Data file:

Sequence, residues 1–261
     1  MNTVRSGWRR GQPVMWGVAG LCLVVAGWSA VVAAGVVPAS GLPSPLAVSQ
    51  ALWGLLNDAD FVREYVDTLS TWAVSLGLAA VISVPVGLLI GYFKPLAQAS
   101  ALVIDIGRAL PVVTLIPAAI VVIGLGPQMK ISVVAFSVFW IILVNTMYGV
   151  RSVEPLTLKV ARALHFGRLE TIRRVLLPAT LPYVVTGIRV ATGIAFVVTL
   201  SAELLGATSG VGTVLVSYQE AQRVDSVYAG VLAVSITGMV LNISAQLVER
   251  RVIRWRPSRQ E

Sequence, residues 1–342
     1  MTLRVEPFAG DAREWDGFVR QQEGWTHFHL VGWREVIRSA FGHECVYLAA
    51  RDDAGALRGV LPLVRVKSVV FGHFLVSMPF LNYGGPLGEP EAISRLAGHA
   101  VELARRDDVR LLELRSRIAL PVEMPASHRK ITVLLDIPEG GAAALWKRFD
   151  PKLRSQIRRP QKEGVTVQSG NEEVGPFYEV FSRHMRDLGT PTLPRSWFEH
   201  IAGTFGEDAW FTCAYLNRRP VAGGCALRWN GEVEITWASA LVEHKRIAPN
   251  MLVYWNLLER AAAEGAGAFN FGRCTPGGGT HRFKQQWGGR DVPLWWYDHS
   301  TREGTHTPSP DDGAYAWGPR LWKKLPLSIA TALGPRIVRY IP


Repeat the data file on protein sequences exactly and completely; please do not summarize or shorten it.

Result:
Sequence, residues 1–261
     1  MNTVRSGWRR GQPVMWGVAG LCLVVAGWSA VVAAGVVPAS GLPSPLAVSQ
    51  ALWGLLNDAD FVREYVDTLS TWAVSLGLAA VISVPVGLLI GYFKPLAQAS
   101  ALVIDIGRAL PVVTLIPAAI VVIGLGPQMK ISVVAFSVFW IILVNTMYGV
   151  RSVEPLTLKV ARALHFGRLE TIRRVLLPAT LPYVVTGIRV ATGIAFVVTL
   201  SAELLGATSG VGTVLVSYQE AQRVDSVYAG VLAVSITGMV LNISAQLVER
   251  RVIRWRPSRQ E

Sequence, residues 1–342
     1  MTLRVEPFAG DAREWDGFVR QQEGWTHFHL VGWREVIRSA FGHECVYLAA
    51  RDDAGALRGV LPLVRVKSVV FGHFLVSMPF LNYGGPLGEP EAISRLAGHA
   101  VELARRDDVR LLELRSRIAL PVEMPASHRK ITVLLDIPEG GAAALWKRFD
   151  PKLRSQIRRP QKEGVTVQSG NEEVGPFYEV FSRHMRDLGT PTLPRSWFEH
   201  IAGTFGEDAW FTCAYLNRRP VAGGCALRWN GEVEITWASA LVEHKRIAPN
   251  MLVYWNLLER AAAEGAGAFN FGRCTPGGGT HRFKQQWGGR DVPLWWYDHS
   301  TREGTHTPSP DDGAYAWGPR LWKKLPLSIA TALGPRIVRY IP